The Italian opulence of ‘The Leopard’

During the weekend of April 10, 5th Avenue Cinema will feature Visconti’s 1963 epic, Il Gattopardo, or The Leopard.

The film is based on Giuseppe Tomasi di Lampedusa’s novel of the same name that chronicles the crumbling of the Italian upper class in 19th century Sicily and is considered one of the most important novels in Italian literature.

The cast includes the American Burt Lancaster, the French (and impossibly handsome) Alain Delon and the Italian Claudia Cardinale at the height of her cinematic beauty.

The film was given a 100 percent rating by the infamous Rotten Tomatoes and the late Roger Ebert commented that it “was written by the only man who could have written it, directed by the only man who could have directed it and stars the only man who could have played its title character.”

Prince Don Fabrizio (Lancaster) of Salina learns that Giuseppe Garibaldi, an important figure in the Italian unification, and his troops have hit Sicily. An obvious threat to the position of the Sicilian upper class, Fabrizio sees this as a precursor for his social demise.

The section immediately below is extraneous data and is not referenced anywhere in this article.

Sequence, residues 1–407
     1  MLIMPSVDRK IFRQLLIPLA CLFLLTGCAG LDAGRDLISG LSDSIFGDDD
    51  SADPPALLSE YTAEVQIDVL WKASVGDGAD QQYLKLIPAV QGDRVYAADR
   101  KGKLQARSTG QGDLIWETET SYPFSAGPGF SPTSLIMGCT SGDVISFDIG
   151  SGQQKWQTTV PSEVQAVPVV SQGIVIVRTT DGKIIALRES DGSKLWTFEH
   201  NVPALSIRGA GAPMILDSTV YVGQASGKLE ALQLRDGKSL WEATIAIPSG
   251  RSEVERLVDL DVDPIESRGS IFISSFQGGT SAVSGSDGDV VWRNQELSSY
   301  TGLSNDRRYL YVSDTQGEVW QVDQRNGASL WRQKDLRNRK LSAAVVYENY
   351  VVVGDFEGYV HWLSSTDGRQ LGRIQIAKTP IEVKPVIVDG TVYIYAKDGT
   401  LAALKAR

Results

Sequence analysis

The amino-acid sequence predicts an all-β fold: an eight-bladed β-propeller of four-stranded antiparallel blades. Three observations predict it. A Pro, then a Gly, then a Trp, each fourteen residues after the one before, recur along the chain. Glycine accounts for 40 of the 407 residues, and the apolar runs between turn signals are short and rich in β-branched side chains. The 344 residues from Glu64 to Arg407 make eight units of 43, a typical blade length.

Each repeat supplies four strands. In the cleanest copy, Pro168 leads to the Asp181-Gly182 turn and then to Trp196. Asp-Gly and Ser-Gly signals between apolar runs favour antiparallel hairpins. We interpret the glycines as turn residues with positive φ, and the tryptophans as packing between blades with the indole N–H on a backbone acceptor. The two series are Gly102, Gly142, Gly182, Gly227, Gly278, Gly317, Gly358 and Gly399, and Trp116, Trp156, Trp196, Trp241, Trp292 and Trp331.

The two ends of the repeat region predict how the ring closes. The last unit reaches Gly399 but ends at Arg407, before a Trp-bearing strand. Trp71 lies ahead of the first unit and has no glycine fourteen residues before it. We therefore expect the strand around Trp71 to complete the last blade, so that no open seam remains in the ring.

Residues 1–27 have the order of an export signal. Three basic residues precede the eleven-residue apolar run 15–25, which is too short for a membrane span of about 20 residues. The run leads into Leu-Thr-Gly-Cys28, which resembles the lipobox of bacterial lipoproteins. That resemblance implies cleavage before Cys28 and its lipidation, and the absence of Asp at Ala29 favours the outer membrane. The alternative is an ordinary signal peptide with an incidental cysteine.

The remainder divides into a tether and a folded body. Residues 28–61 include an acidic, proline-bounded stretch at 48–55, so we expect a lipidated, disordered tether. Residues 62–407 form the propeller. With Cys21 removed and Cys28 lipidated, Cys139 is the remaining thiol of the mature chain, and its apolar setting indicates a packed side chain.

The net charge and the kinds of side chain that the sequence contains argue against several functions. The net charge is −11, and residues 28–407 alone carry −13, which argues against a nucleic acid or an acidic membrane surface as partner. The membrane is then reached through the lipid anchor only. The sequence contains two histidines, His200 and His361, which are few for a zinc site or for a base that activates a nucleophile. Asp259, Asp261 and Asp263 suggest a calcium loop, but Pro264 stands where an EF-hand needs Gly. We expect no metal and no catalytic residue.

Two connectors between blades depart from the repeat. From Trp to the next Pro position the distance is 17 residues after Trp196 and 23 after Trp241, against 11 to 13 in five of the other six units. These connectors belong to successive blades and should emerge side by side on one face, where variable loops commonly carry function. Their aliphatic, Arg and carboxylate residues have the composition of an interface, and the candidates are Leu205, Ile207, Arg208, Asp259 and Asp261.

Yet when his promising nephew Tancredi (Delon) joins Garibaldi’s army and becomes engaged to Angelica (Cardinale), the daughter of the newly appointed mayor, Fabrizio cannot deny what the social connections could do for his nephew.

If anything, the film is a visual stunner. Visconti pays great attention to detail, and the beauty and pride of the Italian backdrop is just as great a force as any of the cast members.

It is rumored that the team needed to cast a Hollywood star like Lancaster, despite the fact that he was not Italian, to gain more attention and justification for the large budget. While Lancaster was not the first popular choice for the role of Don Fabrizio, some regard it as one of the best performances in Lancaster’s career.

Lancaster said of the role, “It was my best work…I bought 11 copies of The Leopard because I thought it was a great novel. I gave it to everyone. But when I was asked to play in it, I said, no, that part’s for a real Italian. But, lo, the wheels of fortune turned.”

While Lancaster is dubbed-over in Italian, it is not in his speech but in the silence of his actions that he conveys his masterful talent.

Fabrizio quietly struggles to accept the loss of power his people will come to know, sacrificing his family’s prominence in society to uphold the tradition and continuance he grew up knowing and respecting.

The final sequence is a 45 minute ball, a celebration of the dying age. It ties together all of the themes of the movie seamlessly without even directly mentioning them in conversation. The viewer sympathizes with Fabrizio, a man who truly loves the way he lives his life, knowing that it must soon come to an end.

The Leopard is a film of both beauty and silent, accepting pain, of which Visconti conveys effortlessly.